This extraordinary post is by my friend Tommy Walker. Tommy is an Online Marketing Strategist and has been doing various forms of internet marketing since 2005. His final calling came from being fired over a pair of
He spends an obscene amount of time online; if when away from the computer you’ll most likely find him singing karaoke or networking at a local Tweet-up. You’ll find more rousing snarkiness on twitter:
Last week, the Wall Street Journal reported…
“Many of the most popular applications, or “apps,” on the
social-networking site Facebook Inc. have been transmitting identifying
information—in effect, providing access to people’s names and, in some
cases, their friends’ names—to dozens of advertising and Internet tracking
companies, a Wall Street Journal investigation has found.”
…Putting Facebook in the spotlight yet again for “Privacy
This post is a rant.
Are Facebook apps really selling you out? Or does “Facebook in Privacy Breach” sound like a headline designed to grab attention?
I vote for the latter.
If you read the article, you would get the impression that Facebook was previously unaware of a very large security hole.
“The information being transmitted is one of Facebook’s basic building blocks: the unique “Facebook ID” number assigned to every user on the site. Since a Facebook user ID is a public part of any Facebook profile, anyone can use an ID number to look up a person’s name, using a standard Web browser, even if that person has set all of his or her Facebook information to be private. For other users, the Facebook ID reveals information they have set to share with “everyone,” including age, residence, occupation and photos.”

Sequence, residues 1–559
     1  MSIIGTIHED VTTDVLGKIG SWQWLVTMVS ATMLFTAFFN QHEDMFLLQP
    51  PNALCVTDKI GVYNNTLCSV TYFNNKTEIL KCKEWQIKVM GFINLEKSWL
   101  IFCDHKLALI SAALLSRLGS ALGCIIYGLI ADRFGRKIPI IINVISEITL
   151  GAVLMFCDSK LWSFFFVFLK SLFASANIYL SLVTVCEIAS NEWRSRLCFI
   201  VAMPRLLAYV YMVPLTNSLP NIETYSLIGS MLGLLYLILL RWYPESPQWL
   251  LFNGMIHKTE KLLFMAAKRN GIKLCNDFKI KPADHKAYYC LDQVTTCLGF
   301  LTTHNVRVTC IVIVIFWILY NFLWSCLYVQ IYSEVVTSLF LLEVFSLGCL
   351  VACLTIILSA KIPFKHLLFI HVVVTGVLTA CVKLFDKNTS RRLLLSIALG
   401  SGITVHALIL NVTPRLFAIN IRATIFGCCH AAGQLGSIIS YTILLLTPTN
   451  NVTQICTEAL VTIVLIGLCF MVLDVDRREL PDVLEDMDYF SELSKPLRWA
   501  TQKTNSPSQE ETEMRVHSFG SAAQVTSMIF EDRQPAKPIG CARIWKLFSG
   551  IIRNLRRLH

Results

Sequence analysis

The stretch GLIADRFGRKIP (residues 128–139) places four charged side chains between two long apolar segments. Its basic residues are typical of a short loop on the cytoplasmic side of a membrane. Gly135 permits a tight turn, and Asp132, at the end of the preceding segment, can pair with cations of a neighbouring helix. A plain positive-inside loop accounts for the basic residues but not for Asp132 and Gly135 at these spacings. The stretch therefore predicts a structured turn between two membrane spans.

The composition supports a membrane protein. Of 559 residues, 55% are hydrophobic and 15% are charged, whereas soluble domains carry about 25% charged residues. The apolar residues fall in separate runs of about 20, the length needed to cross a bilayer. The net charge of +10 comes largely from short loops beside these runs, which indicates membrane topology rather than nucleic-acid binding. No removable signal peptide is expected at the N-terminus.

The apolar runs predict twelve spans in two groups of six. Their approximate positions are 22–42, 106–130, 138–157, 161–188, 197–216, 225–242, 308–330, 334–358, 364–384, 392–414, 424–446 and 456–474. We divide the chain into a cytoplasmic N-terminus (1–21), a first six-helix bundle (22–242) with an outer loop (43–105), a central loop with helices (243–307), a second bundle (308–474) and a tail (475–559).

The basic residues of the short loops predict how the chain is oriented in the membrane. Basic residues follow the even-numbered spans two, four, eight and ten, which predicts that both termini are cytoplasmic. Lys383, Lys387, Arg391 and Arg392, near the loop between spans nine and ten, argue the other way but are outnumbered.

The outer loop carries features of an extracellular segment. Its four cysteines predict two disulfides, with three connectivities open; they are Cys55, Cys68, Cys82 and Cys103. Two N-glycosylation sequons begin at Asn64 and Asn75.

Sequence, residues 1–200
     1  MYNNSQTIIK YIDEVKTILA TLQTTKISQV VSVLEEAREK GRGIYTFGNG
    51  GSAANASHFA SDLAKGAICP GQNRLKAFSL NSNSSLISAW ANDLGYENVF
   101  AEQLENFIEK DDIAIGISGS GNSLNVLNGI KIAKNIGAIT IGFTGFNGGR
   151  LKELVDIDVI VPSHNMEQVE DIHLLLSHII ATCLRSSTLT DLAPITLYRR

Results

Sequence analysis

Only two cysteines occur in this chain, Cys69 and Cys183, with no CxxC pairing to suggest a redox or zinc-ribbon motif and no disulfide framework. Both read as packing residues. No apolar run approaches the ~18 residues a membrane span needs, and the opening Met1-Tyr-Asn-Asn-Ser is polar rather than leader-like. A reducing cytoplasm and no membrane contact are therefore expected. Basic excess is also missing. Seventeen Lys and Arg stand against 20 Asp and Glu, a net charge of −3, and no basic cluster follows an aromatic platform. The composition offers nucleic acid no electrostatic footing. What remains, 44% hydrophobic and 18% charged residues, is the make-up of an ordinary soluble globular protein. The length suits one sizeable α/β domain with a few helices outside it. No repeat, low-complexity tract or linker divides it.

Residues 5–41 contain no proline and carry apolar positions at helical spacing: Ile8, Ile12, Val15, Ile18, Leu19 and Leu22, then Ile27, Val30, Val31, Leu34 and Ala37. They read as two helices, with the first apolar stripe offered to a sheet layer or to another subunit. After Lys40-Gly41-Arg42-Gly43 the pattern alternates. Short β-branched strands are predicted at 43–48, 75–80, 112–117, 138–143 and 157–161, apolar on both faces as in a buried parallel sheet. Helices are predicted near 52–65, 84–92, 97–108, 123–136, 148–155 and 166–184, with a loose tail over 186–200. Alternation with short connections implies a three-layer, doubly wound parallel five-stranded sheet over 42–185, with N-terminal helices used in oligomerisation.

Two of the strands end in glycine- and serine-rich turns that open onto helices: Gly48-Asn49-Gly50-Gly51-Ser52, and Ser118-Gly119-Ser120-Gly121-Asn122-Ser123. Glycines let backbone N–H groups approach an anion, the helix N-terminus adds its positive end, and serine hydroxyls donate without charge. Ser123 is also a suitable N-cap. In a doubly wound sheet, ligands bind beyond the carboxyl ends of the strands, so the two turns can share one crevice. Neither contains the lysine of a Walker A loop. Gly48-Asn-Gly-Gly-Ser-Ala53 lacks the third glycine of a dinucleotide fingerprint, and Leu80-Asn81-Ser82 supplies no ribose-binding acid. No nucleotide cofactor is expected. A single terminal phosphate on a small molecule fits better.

But look again at the image above. “Request for Permission… Access my basic information… name, picture, gender, networks, user ID, list of friends, and any other information I’ve shared with everyone.”
Alright, maybe I’m taking the wrong approach. I understand if you’re concerned about Facebook sharing your public information with app developers, and the developers then share your information with marketing firms. When it’s not made abundantly clear that is what is happening, it can seem shady, but in the end what harm does it do?
As a marketer, I am constantly looking for new ways to engage my target market. As a consumer, I hate advertisements that have nothing to do with me. If the data that I’m inputting into my profile helps other marketers of products that I might like, or find useful, so be it. In the end, I’m not being blasted with crap and the marketing firm isn’t wasting their money. As far as I’m concerned, it’s a win-win situation.
In fact, I wish that all marketing agencies had access to my profile information. I wish that advertisements were tailored to my interests. I wish I could stop getting irrelevant direct mail, and that I could get “special offers” for products that my existing interests pre-qualified me for.
God what a wonderful world that would be! I wouldn’t have to search for things I like, because marketers wouldn’t be wasting their budgets on unqualified people. They would be targeting me, and I would want what they have.
Here’s another way to look at it- You know Pandora ? You know how they help you discover new music based on music you already specify that you like? Imagine that’s how all marketing worked. You only see ads for products you might like based on your other interests. How much informed do you think your purchases would be? If the marketer knows that you’re going to want to do more research, if they’re smart, they’ll have the research available to you. Furthermore, they’ll use what they know about you and other’s like you to know how to present that research, so not only will you have what you’re looking for to make an informed decision, you’ll have it in a format that appeals to you.
What do you think? Is personalized advertising the way of the future? Or should the marketing community continue to doing the same thing it’s been doing?